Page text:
In “Maid of Honor,” a solidly amusing sketch set at a wedding reception, Kravitz plays, yes, a maid of honor who reveals less-than-honorable details about the bride during her speech, to the growing horror of the groom. For example: “You’re like a second sister to me, and not just because we’ve both seen my dad naked,” and “She’s been kind of a Bridezilla, and not just because she’s attacked a lot of Japanese people.” It’s a setup as old as time, but the writers came through with high-quality one-liners.

What bombed

I’m warming to Please Don’t Destroy’s digital shorts slower than some, which is to say maybe not at all. The trio of SNL writers—who play SNL writers—labor and strain to create comic moments that came to The Lonely Island more readily and successfully. The premise this week: The three adopt a female cat to give to “Catwoman” Kravitz, which they keep losing in their office. (They had previously gifted a male ant to “Ant Man” Paul Rudd.) The bit is almost redeemed by a cameo from actor Paul Dano, who randomly emerges from underneath their couch, revealing he’s been doing research for his next film Three Boring Writers, which is about “three guys who suck.” But self-deprecation works best as a supplement to comedy, not a substitute for it, and as with most PDD bits so far, this felt like four minutes that could be better spent with others in the building who aren’t getting enough airtime. It’s partly an issue of scope: Lonely Island’s productions were highly conceptual and character-driven. PDD is trying to do absurdism, mostly sold verbally, by themselves, in their tiny 30 Rock office.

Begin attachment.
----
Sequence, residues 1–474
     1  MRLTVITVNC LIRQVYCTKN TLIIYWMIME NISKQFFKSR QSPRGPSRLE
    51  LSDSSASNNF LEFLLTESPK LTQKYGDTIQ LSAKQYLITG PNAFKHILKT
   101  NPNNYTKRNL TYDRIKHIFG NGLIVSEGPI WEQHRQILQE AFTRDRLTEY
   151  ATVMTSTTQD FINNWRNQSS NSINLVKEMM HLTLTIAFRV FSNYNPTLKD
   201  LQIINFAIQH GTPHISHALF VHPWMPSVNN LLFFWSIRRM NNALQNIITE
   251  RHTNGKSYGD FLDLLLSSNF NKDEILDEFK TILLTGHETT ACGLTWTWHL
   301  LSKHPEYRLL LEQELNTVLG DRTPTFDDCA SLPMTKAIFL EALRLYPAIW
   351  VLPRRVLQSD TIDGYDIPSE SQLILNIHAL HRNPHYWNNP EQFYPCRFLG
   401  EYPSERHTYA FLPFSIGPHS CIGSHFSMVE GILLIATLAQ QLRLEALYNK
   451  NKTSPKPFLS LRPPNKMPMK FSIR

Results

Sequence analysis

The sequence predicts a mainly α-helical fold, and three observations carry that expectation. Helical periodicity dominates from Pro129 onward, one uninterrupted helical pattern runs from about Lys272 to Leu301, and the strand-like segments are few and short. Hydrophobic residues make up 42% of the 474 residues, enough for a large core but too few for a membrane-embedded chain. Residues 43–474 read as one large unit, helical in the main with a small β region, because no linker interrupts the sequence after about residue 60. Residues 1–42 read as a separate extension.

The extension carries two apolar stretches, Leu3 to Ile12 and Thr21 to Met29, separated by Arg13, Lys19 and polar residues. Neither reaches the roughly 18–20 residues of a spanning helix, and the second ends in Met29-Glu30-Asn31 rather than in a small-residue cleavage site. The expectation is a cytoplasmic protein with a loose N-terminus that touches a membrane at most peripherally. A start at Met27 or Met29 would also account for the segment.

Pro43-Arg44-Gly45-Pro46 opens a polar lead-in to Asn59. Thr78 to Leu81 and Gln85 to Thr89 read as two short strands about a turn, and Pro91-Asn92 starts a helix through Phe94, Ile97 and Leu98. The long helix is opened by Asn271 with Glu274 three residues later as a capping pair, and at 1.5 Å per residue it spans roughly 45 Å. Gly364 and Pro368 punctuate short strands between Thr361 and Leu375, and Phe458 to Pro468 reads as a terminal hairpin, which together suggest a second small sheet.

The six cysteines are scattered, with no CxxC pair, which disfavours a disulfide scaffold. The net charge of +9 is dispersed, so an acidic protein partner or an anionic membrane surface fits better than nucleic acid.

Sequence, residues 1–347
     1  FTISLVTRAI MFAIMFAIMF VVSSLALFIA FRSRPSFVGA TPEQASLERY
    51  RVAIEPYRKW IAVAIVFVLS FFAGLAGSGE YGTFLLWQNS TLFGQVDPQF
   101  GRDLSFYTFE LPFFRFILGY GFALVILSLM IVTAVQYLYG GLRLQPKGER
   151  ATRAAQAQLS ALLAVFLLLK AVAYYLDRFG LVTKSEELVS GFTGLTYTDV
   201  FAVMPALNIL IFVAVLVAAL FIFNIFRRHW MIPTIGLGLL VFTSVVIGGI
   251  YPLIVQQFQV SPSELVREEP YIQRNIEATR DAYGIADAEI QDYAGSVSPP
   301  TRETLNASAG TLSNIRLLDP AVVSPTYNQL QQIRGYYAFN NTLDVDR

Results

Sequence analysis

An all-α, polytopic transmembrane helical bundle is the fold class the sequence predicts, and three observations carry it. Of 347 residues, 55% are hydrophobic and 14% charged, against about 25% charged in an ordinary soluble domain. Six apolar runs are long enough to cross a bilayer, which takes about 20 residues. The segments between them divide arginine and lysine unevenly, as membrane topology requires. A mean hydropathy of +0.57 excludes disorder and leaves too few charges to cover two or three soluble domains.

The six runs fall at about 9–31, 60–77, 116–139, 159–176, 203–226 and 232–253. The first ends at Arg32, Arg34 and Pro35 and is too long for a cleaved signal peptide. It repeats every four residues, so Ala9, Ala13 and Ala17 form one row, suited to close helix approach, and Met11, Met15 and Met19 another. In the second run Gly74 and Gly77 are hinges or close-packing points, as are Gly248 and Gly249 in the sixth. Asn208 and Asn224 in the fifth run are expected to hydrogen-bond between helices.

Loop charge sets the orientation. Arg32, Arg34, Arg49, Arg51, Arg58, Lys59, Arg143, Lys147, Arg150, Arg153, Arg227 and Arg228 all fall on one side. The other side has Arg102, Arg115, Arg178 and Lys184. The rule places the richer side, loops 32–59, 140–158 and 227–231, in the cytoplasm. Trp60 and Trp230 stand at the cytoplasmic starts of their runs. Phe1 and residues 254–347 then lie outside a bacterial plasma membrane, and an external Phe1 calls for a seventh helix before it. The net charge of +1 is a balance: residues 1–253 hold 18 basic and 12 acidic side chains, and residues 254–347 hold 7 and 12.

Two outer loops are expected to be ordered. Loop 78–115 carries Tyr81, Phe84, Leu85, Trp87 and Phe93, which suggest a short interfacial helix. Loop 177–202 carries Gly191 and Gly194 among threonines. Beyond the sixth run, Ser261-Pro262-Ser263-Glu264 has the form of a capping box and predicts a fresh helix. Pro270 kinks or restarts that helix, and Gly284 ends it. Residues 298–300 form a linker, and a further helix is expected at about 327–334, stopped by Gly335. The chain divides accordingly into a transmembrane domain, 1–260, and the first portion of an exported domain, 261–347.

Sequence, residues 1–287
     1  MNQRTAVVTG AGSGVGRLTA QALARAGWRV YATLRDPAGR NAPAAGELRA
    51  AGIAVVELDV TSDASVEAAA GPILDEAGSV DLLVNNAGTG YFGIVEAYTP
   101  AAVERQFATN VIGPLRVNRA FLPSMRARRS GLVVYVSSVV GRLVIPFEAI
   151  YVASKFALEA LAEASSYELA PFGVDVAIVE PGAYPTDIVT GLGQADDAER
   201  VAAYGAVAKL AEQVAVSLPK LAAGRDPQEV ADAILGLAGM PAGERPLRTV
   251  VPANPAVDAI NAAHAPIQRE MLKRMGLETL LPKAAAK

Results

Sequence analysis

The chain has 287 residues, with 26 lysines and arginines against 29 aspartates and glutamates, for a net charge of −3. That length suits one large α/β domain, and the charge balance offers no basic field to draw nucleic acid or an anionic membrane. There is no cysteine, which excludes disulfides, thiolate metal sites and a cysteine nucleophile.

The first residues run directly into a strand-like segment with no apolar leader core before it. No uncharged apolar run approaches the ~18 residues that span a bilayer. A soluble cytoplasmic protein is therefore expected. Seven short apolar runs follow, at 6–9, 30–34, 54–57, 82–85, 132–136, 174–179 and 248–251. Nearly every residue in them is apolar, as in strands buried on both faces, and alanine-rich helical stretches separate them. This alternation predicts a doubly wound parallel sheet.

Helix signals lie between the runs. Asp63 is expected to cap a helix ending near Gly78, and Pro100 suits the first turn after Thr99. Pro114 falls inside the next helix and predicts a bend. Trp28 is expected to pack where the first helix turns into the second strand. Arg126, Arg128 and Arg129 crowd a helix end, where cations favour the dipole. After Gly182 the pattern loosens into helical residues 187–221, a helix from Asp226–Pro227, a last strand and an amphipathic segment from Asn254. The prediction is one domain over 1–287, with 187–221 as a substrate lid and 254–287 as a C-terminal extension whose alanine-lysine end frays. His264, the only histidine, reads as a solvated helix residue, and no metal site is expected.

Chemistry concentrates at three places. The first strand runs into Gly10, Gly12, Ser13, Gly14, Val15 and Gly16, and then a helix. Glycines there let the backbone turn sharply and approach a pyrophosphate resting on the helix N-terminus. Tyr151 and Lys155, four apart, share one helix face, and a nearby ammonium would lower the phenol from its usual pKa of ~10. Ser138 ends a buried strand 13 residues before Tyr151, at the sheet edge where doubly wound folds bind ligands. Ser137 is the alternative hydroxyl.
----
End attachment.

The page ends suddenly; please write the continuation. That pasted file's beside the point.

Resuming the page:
In a surprise for a relatively strong episode that was clearly driven by new voices on the writing staff, the show repeated a premise that wasn’t strong enough to fully succeed on its first go-round. Kate McKinnon and Aidy Bryant play early-teen boys, one of whom is covertly seeking advice about dealing with a girl from the other boy via phone. Playing on the sight gag of the two most well-known female cast members doing drag, it felt cheap. Why not have Dismukes and, say, Kyle Mooney do something that actually reveals something about early dating? (Also, is it too much to hope that the show might occasionally do something as poignant as 1975's “Slumber Party” again?)

If you’re craving lazy mentions of toilets and erections, get your fill in “Old Home Movies,” a sketch about a father’s accidentally discovered video will, which a mother and her two kids (Nwodim, Kravitz and Redd) are able to watch because dad (Kenan Thompson) is upstairs on the john for a prolonged period. The only redeeming factor is Thompson physically acting out a video being fast-forwarded (unfortunately, it recalls Jan Hooks doing it in a more clever sketch in 1989, and only with her voice).

And now the fake news 

It was another successfully toothsome Update this week, with Michael Che packing the most punch.